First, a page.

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petrw1 2017-07-26 04:45

Thinking out loud about getting under 20M unfactored exponents

Breaking it down I'm thinking if each 100M range has less than 2M unfactored we have the desired end result.
Similarly if each 10M range has less than 200K unfactored...
or each 1M range has less than 20K unfactored...
or each 100K range has less than 2,000 unfactored.

So I did some Excel ciphering looking at:
- how many more factors are required in each range
- how many exponents need to be TF'd at the current bit level to get there (could require several bit levels to complete)
- how many GhzDays each assignment would take.
- I stopped at the 59M range thinking current GPU TF bit levels will factor adequately (most of the time) to get below my limits of interest here.

I did this for the 10M, 1M and 100K ranges.

Then I added it all up and came up with very roughly 250M GhzDays of TF with some ranges requiring up to 10 more bit levels of TF. WOW.

In perspective, my 1,000 per day GPUs would take 250K days: 685 years.

Oh dear; that's way more than I had expected.

Note: I only considered TF.
I understand that in some (many?) cases ECM (on lower exponents) and P-1 could find factors much quicker.

In either case it looks like this will be a very far off milestone.

=== Process where current B1=B2 first; then lowest current B1&B2.
=== Even when B2>B1 the current bounds are mostly quite low and factors are plentiful.
=== I'm only listing ranges here that have at least 74 bits TF
=== There are 10 more ranges waiting for TF74 before I will list them here: 20.1 to 21.2

Range ToGo B1=B2 TFBits Owns

=== Any in this group will clear with relatively low P1 bounds.
=== Something like 1M/30M should be more than enough.
22.4 3 0 75 Kruoli
27.8 7 818 75 Chris
21.3 2 302 74 Kruoli
21.6 14 0 74 Chris
20.3 19 437 73* Luminescence
20.5 19 57 73*

26.2 23 792 75
26.9 25 793 75
28.0 8 538 75 petrw1
26.8 25 848 75 petrw1

=== Starting about here consider about 1.5M/45M though 1M/30M might do it.
24.7 39 700 75 petrw1
26.4 43 812 75
21.8 46 718 74*
21.7 49 819 74*

=== There are getting a little more dicey.
=== I'd be tempted to wait for TF75*
=== But if you are ambitious consider 3M/90M as minimal bounds; even more near the end of this list.
22.3 57 0 74.9 TF to 75
26.5 62 800 75 Luminescence
27.0 72 848 75
21.9 71 333 74 TF to 75
25.3 77 766 75 Anton Repko P-1 and P+1
29.8 91 796 75 Kruoli

0PolarBearsHere 2017-07-26 07:48

It just means we need more GPUs.
For instance if we can get 1000 high end GPUs on it, we could get it done in under a year based on your maths. We just need to find an organisation with a spare 800K USD who had a sudden urge to generously donate GPUs to anyone that requests one.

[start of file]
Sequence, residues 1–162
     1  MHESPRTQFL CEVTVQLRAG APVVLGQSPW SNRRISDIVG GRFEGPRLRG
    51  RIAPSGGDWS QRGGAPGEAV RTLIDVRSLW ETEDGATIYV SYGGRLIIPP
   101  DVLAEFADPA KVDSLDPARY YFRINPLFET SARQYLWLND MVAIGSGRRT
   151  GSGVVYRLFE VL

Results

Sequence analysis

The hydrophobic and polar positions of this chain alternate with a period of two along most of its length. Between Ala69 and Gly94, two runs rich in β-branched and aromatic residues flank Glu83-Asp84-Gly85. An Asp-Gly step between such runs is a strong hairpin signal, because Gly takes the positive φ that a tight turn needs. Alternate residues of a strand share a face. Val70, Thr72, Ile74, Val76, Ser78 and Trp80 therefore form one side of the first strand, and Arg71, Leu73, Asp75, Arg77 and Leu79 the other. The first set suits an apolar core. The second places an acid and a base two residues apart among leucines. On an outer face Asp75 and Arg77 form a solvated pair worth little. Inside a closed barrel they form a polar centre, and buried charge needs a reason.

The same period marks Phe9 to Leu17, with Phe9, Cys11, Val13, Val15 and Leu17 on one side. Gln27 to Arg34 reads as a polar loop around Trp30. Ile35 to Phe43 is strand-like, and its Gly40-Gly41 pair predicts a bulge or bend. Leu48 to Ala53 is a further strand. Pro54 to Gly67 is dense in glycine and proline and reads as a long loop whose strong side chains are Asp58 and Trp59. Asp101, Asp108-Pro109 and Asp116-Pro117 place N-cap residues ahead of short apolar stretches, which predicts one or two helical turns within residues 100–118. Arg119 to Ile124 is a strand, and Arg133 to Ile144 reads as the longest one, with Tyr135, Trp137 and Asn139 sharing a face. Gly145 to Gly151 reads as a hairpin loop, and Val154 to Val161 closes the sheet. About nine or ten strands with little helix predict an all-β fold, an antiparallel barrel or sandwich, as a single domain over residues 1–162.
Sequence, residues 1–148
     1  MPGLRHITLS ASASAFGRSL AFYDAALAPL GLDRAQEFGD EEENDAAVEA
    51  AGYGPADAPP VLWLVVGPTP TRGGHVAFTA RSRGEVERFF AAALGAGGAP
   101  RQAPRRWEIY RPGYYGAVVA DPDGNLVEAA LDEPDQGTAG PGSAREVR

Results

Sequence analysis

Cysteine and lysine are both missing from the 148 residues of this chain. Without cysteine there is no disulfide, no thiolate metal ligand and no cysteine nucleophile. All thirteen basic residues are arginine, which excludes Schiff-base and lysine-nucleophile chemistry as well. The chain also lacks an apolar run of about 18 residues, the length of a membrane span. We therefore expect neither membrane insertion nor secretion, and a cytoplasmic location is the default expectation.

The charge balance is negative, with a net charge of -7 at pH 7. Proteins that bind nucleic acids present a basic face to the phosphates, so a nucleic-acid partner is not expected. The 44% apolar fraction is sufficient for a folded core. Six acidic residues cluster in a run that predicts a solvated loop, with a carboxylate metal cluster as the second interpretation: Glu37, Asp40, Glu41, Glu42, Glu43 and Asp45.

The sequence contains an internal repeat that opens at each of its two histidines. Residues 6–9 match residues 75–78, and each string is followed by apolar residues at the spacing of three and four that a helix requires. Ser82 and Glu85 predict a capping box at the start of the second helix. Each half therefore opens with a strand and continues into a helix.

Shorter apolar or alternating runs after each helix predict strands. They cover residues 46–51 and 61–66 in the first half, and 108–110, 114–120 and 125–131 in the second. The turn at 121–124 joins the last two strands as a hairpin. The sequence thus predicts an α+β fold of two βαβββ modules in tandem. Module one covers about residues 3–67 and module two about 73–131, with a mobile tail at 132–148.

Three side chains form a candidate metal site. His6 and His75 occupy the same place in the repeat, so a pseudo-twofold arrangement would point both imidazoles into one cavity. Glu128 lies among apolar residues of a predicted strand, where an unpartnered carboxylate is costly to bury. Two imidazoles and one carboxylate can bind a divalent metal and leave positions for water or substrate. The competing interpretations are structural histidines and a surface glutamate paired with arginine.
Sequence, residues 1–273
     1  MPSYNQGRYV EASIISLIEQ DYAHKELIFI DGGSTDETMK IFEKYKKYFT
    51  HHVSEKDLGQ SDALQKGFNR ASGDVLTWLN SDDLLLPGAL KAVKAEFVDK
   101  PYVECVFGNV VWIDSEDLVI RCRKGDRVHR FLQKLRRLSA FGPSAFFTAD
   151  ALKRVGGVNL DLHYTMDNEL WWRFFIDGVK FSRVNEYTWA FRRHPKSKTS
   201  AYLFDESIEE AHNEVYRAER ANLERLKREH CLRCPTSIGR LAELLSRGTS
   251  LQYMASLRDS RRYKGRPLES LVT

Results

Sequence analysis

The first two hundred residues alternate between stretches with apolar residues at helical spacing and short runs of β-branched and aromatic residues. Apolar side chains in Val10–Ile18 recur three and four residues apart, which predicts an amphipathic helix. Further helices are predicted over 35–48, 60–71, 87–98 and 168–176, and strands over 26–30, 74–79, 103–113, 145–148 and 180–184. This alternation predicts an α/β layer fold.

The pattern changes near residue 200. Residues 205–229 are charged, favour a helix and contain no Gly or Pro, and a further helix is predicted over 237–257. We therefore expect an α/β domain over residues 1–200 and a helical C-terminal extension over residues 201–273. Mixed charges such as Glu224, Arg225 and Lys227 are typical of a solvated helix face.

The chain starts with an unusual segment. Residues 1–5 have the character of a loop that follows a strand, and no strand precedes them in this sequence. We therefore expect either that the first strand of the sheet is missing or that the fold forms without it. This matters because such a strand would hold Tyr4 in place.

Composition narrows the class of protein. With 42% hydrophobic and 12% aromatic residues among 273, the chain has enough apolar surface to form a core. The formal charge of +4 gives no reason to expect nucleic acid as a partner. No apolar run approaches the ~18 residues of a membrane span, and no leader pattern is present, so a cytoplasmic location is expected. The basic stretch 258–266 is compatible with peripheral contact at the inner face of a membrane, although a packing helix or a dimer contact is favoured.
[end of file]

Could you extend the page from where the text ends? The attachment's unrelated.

VictordeHolland 2017-07-26 10:43

And what would this accomplisch?

petrw1 2017-07-26 16:03

[QUOTE=VictordeHolland;464195]And what would this accomplisch?[/QUOTE]

Absolutely nothing of consequence.
Nothing more than another milestone of interest to some.

S485122 2017-07-26 19:48

If your best tool is a factoring machine you view everything as as entities to be factored. :-)


chalsall 2017-07-26 20:03

[QUOTE=S485122;464237]If your best tool is a factoring machine you view everything as as entities to be factored. :-)[/QUOTE]

Just to reflect Jacob... Sometimes it is worth the effort to think about what other people are thinking about...

In addition to the Philips, are you familiar with the Roberson? The hex?

I have actually watched people slam screws into wood using a hammer, because the Philips screws' heads were stripped with a screw driver which was too small.

I actually learned some new words (containing many symbols, including (!*%$@***!!!)) from men who should have understood the simplicity of the situation.

For what that is worth....

CRGreathouse 2017-07-26 20:35

[QUOTE=VictordeHolland;464195]And what would this accomplisch?[/QUOTE]

I'm not sure what the OP has in mind, but I know that full factorizations of small Mersenne numbers are very useful. For example, they greatly speed up the [url=]non-sqrt-smooth part[/url] (which dominates computationally) of [url=]Feitsma's algorithm[/url] for listing 2-pseudoprimes. I've heard interest in extending his work beyond 2^64 so this isn't just academic.

As for finding individual factors, I don't know... I guess it just gives simpler/shorter certificates of compositeness.

Gordon 2017-07-26 23:01

[QUOTE=VictordeHolland;464195]And what would this accomplisch?[/QUOTE]

because they are there and because we can :-)

science_man_88 2017-07-26 23:25

[QUOTE=VictordeHolland;464195]And what would this accomplisch?[/QUOTE]

if done high enough, in theory, it could deplete the candidate factors for larger mersenne numbers a bit.

chalsall 2017-07-26 23:52

[QUOTE=science_man_88;464251]if done high enough, in theory, it could deplete the candidate factors for larger mersenne numbers a bit.[/QUOTE]

Yeah... In theory....

storm5510 2017-07-27 04:40

1 Attachment(s)
I believe just about everyone here recognizes the image I have attached. This ends at 2[SUP]80[/SUP]. I suppose some here could comfortably TF to this level in a reasonable period of time. Of course, I do not know what most would consider "reasonable."

The last I heard, a computer "generation" was in the area of 18 months. It is probably less now. It would take many generations of tech growth to get to the level the OP was writing about.

[U]Point[/U]: Let us do now what needs to be done now, and not think about the future.


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